Flash forward to my senior year of high school and an internalized sexism radar went off the charts for me. I was at an age where I believed there were no excuses for not looking like a model or starlet. The sexist culture around me dictated that women were weaker and less intelligent, caring to a fault, and less competent, unable and undeserving of making the same or more money than men. I began to see the unequal and poor treatment of women as normal, typical, and expected. Women were always supposed to be friendly. If a rude or assertive word came from their mouths they were called bitches. If they had sex they were called sluts. The double standard for men and women was stronger than ever and normalized in my community and in our country.

With regard to being ‘fit’ or ‘thin’ the sexist mantra seemed to be, “if celebrities can do it, why can’t and shouldn’t I?” Internalizing that attitude, I took matters into my own hands and decided to eat only the bare minimum. I did not care that I was always fatigued, unmotivated, and surly, because I was getting skinnier, the goal I aspired to. I was finally developing the body that our sexist culture deemed acceptable, desirable, something that girls were “supposed to have,” and something that males were attracted to.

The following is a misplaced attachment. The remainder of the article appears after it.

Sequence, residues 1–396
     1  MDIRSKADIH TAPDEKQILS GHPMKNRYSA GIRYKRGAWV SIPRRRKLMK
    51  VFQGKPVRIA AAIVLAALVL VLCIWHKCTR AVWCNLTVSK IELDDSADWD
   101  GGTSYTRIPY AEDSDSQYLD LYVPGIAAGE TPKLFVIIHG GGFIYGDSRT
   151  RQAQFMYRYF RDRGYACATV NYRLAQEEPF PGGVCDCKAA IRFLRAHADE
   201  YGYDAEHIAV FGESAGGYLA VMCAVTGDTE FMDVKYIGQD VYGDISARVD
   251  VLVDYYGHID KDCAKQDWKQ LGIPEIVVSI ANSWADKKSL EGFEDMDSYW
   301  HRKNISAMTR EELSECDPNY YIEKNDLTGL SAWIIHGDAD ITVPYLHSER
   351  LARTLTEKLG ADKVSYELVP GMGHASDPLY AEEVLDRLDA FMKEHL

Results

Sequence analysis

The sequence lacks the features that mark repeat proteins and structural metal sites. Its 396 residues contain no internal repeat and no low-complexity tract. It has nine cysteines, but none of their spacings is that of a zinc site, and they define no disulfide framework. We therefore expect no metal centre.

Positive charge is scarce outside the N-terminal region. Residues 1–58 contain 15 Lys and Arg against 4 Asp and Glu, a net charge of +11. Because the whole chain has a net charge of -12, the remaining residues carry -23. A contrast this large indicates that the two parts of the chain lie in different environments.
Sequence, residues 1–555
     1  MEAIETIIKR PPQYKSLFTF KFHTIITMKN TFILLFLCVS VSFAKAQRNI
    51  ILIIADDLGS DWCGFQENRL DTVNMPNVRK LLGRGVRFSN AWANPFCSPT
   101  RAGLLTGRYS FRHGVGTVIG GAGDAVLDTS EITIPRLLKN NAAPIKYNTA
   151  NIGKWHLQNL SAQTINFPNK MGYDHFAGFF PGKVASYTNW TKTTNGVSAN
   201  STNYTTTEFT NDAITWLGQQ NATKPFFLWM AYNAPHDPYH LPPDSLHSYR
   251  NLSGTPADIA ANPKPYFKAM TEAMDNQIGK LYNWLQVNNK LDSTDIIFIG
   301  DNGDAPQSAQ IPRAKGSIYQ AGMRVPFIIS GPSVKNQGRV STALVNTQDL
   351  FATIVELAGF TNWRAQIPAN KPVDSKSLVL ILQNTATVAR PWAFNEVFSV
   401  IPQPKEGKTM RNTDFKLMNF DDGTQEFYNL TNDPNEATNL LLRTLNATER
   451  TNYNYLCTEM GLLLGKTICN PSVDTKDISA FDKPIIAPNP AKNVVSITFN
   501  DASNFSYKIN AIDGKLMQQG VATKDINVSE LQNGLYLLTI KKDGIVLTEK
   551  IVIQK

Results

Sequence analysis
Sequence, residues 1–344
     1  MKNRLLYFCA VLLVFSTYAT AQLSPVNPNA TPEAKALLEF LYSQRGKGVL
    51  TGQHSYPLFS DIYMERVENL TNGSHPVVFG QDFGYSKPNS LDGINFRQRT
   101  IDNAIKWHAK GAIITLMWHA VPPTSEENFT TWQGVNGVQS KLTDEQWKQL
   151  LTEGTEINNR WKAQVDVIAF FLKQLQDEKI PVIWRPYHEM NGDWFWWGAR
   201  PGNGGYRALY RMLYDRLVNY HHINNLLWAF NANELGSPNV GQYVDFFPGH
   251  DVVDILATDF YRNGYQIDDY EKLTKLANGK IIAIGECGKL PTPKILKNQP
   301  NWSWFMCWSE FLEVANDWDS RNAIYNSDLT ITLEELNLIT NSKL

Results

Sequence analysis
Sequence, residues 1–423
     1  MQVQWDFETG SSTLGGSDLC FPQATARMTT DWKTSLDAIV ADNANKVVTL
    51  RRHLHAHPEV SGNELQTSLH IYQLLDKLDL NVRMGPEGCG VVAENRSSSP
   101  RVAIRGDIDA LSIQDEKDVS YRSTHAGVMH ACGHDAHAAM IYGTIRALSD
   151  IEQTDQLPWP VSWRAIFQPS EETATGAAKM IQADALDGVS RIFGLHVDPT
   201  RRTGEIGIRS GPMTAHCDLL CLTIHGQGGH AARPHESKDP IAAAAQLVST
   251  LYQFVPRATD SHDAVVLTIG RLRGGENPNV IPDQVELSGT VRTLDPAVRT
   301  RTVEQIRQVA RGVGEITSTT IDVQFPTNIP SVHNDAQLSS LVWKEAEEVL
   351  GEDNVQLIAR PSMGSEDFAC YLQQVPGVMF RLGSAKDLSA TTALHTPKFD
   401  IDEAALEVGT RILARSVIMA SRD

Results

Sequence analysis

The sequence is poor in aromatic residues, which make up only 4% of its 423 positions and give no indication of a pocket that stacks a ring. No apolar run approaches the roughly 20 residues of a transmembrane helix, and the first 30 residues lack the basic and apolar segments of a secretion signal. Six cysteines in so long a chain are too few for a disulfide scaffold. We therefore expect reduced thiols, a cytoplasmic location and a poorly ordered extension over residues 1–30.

No matter what my friends or family did, I truly felt not eating was what I was supposed to do in order to be “normal” and desired. The standards our sexist society encouraged told me the only way a girl could be beautiful and desirable is to be emaciated.  In my world and worldview, gender expectations were excessively high and simply unattainable. Despite the fact that I am 5’10”, I felt I had to be a size 2. This was mainly because of celebrities and models who were tall and had miniscule waists, and the press and public who idolized them. But celebrities were not the only ones who influenced me. Those around me, such as my sister, friends, and peers, were mostly skinnier than me, so I wanted to emulate them. It did not matter that my friend was 5’2” or my sister was eight years older than me and out of puberty; I had to be thin or else I was unworthy and unwilling to follow society’s “rules”. As such, gender expectations caused me to question myself and ultimately caused a disorder that made my life much more difficult than it needed to be. While I am improving and do feel much better about myself today than I did in the past, these expectations linger and likely always will to some extent.